Zimbabwe man jailed for 15 years for poisoning elephants

The carcass of an elephant which was killed after drinking poisoned water lies near a water hole in Zimbabwe's Hwange National Park, about 840km east of Harare, on Sept 27, 2013. A Zimbabwe court on Wednesday sentenced a poacher to more than 15
The carcass of an elephant which was killed after drinking poisoned water lies near a water hole in Zimbabwe's Hwange National Park, about 840km east of Harare, on Sept 27, 2013. A Zimbabwe court on Wednesday sentenced a poacher to more than 15 years in prison for poisoning and killing elephants with cyanide, the fourth such conviction in the country in a month. -- FILE PHOTO: REUTERS

HARARE (AFP) - A Zimbabwe court on Wednesday sentenced a poacher to more than 15 years in prison for poisoning and killing elephants with cyanide, the fourth such conviction in the country in a month.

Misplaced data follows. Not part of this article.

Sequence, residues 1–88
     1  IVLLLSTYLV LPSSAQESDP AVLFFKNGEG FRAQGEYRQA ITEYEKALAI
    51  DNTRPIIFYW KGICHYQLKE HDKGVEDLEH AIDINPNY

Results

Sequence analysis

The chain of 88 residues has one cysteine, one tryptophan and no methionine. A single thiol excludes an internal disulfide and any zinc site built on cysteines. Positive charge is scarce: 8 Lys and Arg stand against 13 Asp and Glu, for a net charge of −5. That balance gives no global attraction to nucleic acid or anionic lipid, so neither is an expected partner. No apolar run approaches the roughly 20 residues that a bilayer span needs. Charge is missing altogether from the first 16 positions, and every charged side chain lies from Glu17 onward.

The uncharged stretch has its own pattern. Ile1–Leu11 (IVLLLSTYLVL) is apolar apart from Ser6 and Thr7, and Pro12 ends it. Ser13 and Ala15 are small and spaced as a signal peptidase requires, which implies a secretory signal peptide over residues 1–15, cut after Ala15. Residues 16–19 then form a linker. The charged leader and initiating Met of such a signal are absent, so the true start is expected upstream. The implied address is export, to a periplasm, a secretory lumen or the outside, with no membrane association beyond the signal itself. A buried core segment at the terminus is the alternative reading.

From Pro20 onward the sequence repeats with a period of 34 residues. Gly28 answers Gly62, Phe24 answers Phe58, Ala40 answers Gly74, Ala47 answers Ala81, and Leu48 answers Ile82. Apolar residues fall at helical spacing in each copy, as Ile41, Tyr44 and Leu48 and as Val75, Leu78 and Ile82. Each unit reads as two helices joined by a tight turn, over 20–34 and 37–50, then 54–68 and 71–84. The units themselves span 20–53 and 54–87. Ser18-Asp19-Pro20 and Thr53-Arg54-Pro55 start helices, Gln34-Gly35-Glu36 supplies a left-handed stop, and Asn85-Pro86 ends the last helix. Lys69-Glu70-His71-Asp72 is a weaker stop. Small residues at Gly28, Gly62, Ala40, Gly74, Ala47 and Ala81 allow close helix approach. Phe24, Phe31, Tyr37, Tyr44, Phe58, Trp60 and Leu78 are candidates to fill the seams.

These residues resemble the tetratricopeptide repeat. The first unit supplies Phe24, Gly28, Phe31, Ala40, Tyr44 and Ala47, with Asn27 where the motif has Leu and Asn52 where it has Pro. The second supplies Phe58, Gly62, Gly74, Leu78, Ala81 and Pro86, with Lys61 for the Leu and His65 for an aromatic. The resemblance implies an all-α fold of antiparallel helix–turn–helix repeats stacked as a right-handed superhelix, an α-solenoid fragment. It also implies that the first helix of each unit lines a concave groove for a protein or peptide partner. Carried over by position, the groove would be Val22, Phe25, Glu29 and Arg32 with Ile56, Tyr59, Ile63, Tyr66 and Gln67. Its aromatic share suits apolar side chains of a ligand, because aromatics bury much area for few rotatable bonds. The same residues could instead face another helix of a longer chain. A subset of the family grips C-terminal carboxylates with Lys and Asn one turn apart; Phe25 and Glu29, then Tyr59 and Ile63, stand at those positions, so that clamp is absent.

The court in the western town of Hwange also found Akim Masuku, 26, guilty of illegal possession of ivory, handing down a total jail term of 15-and-a-half years, the Zimbabwe Parks and Wildlife Authority said in a statement.

The accused still faces separate charges for cyanide possession and for contravening environmental laws, wildlife officials said.

The case comes a day after the Parks and Wildlife Authority said 100 elephants had been killed by cyanide for their ivory in a single national park in just over a month.

"One hundred elephants have died in Hwange National Park due to cyanide poisoning and 12 people have since been arrested and four have been convicted and sentenced," it said.

Masuku's co-accused Norma Ncube, 18, is set to appear in court on Oct 30.

Three other poachers were in September sentenced to a minimum of 15 years each for poisoning 81 elephants.

They were also ordered to pay US$600,000 (S$745,000) to the wildlife authority for killing the animals.

Officials have given villagers living around the park until the end of October to hand over any cyanide they might have or risk arrest.

There are more than 120,000 elephants roaming Zimbabwe's poorly policed national parks.

Elephant tusks and other body parts are highly prized in Asia and the Middle East for ornaments, as talismans and for use in traditional medicine.